I dreamed about my mother a few times this week. She has been dead for just over thirteen years, and I think I've dreamed about her only a handful of times. In the most recent dream she was showing me something--oh yeah, she had brought me to a big house to show me all of the little orphans that lived there. The children were very hungry and I gave them my lunch.
The dreams I have of my mother are never all that significant. Also, I have never felt "visited" by her, although people around me have felt her near on significant personal occasions. For example, when my father came to stay with us shortly after P. was born, he told me one morning that my mother had been there, had wandered around the house, and had shown particular interest in the new baby. I remember thinking, as he told me this, "Why, why, why didn't she come to see me?????? Why is it OK for YOU to know she was here, and not me?" It was especially exasperating because that was a terrible, terrible time for me, a difficult recovery (and exceedingly difficult baby), and, dang it, I WANTED MY MOMMY.
Another time others have felt her near was at the blessing of my first baby. "She was here! Did you feel it?" No, no, no, I didn't feel it. I was too busy worrying that A would poop all over his white clothes, loudly, right in the middle of the blessing. I didn't feel anything.
I do have to admit that I kind of felt her--well, not really felt her, but sort of knew her mind--on the day that we found out we were finally expecting #1. I just sort of knew that she knew, and that she was happy. That knowledge was helpful to me in the subsequent weeks when the doctor told me I would miscarry (and offered to do a D&C). I hung in there--and then A was born after all.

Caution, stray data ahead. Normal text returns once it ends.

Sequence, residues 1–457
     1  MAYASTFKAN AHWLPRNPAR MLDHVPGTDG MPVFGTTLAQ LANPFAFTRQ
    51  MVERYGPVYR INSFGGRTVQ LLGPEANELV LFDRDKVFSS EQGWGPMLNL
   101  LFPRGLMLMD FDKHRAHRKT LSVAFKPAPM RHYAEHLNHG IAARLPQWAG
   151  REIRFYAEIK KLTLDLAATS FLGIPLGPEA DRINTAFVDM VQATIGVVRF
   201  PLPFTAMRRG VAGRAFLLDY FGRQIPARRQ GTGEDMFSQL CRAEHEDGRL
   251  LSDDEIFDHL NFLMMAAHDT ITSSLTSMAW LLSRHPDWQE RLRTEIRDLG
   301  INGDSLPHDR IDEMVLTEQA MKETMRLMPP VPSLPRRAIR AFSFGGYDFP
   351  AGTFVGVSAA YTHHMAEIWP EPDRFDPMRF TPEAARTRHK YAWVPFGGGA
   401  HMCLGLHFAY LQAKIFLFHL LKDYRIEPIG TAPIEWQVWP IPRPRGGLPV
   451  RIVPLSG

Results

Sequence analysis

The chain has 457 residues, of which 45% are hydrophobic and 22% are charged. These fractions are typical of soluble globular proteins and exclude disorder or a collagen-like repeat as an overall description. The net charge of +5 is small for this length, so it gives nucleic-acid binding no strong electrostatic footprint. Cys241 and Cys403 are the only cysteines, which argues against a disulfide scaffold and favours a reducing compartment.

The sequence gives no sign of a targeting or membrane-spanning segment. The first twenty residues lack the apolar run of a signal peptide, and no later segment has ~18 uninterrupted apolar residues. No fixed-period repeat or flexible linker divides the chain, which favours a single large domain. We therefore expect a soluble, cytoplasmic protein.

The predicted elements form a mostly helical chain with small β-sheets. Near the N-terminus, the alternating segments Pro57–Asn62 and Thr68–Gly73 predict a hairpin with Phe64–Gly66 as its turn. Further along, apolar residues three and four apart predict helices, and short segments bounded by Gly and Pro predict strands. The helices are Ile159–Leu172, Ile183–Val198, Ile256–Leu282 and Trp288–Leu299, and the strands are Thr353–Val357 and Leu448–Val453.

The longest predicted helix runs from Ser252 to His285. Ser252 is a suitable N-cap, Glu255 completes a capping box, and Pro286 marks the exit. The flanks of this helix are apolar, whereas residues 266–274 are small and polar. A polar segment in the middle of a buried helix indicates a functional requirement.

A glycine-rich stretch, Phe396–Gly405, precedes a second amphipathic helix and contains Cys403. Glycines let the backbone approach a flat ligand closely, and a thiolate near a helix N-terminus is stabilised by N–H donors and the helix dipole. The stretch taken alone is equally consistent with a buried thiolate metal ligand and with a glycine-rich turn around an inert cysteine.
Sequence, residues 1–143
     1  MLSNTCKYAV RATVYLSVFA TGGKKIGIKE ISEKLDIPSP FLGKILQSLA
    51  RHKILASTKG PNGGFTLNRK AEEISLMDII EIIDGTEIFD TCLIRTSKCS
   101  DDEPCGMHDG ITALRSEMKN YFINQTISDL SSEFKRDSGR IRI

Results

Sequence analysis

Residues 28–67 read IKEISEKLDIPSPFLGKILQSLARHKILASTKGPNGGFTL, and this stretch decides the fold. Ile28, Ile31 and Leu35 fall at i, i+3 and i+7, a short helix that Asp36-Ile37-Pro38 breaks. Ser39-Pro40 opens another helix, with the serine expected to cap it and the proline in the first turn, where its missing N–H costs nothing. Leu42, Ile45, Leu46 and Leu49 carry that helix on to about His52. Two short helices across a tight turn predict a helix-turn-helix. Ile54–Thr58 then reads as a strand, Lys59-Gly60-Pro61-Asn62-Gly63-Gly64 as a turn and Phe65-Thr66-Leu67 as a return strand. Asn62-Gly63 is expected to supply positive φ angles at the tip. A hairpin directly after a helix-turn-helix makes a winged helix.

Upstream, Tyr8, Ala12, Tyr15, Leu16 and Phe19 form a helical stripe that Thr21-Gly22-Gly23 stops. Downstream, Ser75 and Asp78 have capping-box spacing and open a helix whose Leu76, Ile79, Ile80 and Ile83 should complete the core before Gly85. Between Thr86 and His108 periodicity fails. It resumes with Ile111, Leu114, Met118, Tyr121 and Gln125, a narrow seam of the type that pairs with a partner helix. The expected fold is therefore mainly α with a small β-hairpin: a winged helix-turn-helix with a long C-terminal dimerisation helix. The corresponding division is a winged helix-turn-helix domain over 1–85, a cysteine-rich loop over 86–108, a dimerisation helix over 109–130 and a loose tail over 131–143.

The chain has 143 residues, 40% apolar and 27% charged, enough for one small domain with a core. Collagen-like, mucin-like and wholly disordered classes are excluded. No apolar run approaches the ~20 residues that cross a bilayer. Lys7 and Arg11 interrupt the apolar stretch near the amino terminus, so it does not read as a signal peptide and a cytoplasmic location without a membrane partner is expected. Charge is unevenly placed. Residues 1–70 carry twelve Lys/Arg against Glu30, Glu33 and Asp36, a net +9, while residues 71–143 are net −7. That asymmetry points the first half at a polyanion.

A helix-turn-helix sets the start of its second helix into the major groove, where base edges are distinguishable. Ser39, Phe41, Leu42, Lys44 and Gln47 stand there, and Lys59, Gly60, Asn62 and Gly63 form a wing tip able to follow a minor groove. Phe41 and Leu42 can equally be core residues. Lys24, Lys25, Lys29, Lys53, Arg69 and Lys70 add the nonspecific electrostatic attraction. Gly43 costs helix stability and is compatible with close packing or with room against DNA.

Someone told me once that the departed hang around us and are willing to help us out, and that the best way to communicate with them is to put our request in writing and leave it lying around so that they can see it (since they can't read our minds). I've had a few days of desperation when I've even tried that.
During the times when I yearn to communicate with my mother (which mostly means "yearn to hear from HER," as opposed to yearning to tell her something), I wonder why she didn't leave us more. She had plenty of time to prepare for her death. Why didn't she write us notes? Why didn't she write down things that her daughters might want to know when we reached certain stages?
Does it have anything to do with the fact that she was motherless for most of her life? Maybe it never occurred to her to think that my heart and thoughts would turn to her in these stages, that I would yearn to hear her experience.
Or maybe she just wasn't the kind of person who needs to share experiences and learn from the experiences of others. I don't know. I hardly knew her. She died just at the point in my life at which I no longer needed her as a mother but hadn't developed a relationship with her as a friend yet.
What are some of the things I wish she had written for me?